There’s the afternoon you took apart the car-seat because you wanted to wash the cover and then took a good 30 minutes trying to figure out how to get the cover back on. The straps go where? Where does this metal piece go? Why is there an extra piece?
But, as with anything, things start to go smoothly, and all the challenges of the past fade away. You learn how to use the fancy swaddler and you pride yourself for being able to do it in the dark with your eyes closed. You’re a pro at installing, uninstalling, and taking apart the car-seat…and getting all the pieces right the first time. There’s the day you finally figured out how to open the kiddie gate at the top of the stairs without having to yank on it a couple times. Gone are the days of startling yourself as the kitchen cupboard door snaps back, being held securely in place by the kiddie latches you should know are there, because you installed them.
The only constant is change, and the swirling waters of parenthood are never stagnant.
Just as you get a confident footing, you’re faced with new challenges that you didn’t even know existed.
I’m in the middle of one of those now.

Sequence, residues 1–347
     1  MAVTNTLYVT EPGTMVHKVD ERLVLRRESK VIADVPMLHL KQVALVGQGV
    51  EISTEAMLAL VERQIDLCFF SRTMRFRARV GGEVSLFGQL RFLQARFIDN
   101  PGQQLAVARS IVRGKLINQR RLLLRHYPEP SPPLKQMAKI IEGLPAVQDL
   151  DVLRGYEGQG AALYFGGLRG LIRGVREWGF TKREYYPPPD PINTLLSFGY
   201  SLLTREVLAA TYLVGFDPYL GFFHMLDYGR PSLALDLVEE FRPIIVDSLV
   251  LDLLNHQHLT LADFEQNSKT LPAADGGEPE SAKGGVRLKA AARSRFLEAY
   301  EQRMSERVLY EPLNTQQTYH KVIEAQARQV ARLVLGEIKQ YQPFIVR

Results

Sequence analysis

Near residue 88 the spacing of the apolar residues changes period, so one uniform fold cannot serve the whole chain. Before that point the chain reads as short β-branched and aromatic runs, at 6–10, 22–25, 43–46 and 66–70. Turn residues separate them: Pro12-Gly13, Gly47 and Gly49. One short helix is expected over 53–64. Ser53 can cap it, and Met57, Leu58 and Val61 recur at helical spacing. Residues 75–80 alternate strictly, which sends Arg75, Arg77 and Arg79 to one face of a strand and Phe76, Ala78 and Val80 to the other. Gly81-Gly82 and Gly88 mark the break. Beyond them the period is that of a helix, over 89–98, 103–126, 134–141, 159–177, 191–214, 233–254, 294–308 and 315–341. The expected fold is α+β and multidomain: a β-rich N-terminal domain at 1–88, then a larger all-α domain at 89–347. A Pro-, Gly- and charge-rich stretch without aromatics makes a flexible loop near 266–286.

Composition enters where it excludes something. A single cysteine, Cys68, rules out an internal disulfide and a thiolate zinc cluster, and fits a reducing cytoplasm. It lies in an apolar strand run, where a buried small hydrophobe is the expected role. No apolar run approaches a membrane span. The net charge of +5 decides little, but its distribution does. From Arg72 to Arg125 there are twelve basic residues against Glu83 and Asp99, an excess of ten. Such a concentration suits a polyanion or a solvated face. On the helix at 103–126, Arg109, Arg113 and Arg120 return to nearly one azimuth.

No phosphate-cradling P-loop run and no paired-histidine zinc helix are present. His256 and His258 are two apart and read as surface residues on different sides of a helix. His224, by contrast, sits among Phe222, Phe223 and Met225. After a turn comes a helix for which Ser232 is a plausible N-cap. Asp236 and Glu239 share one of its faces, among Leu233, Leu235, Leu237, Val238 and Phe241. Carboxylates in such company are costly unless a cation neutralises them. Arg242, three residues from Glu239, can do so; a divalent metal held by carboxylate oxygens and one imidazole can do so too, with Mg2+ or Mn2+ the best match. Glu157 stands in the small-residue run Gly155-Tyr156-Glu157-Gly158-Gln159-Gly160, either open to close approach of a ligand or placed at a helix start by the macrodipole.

My nemesis? The blue race-car cart at the grocery store.
You know the one: the fancy cart with the faux steering wheels. It looks like a race-car, but it’s a grocery cart. The kiddo gets to go for a fun ride in a race-car, and Momma gets to shop.
It’s a win-win…right?
It took me about 30-seconds to realize I’d met my match.
Only, now the stakes are higher and the game has changed. Before, my foolishness was only evident to myself or my baby girl, because the game was played in the privacy of my own home. Now, the general population and my very vocal preschooler know that Momma is incapable of pushing a race-car cart properly.
“Momma! Don’t bump into that! That’s not good, Momma.”
“Thanks, Claire. I know. Momma is havin’ troubles getting this thing to go where it’s supposed to go.”
Who designed these things? Am I doing something wrong? By the time I get the monstrosity moving, I need to negotiate some kind of turn, which is practically impossible. They don’t turn the way you think they need to turn, and they certainly don’t go in a straight line. They stick out in weird places. And, if that’s not inconvenient enough, you can’t actually reach the basket from the handle-bar, so you have to walk all around the semi trailer-sized cart to put your groceries in it.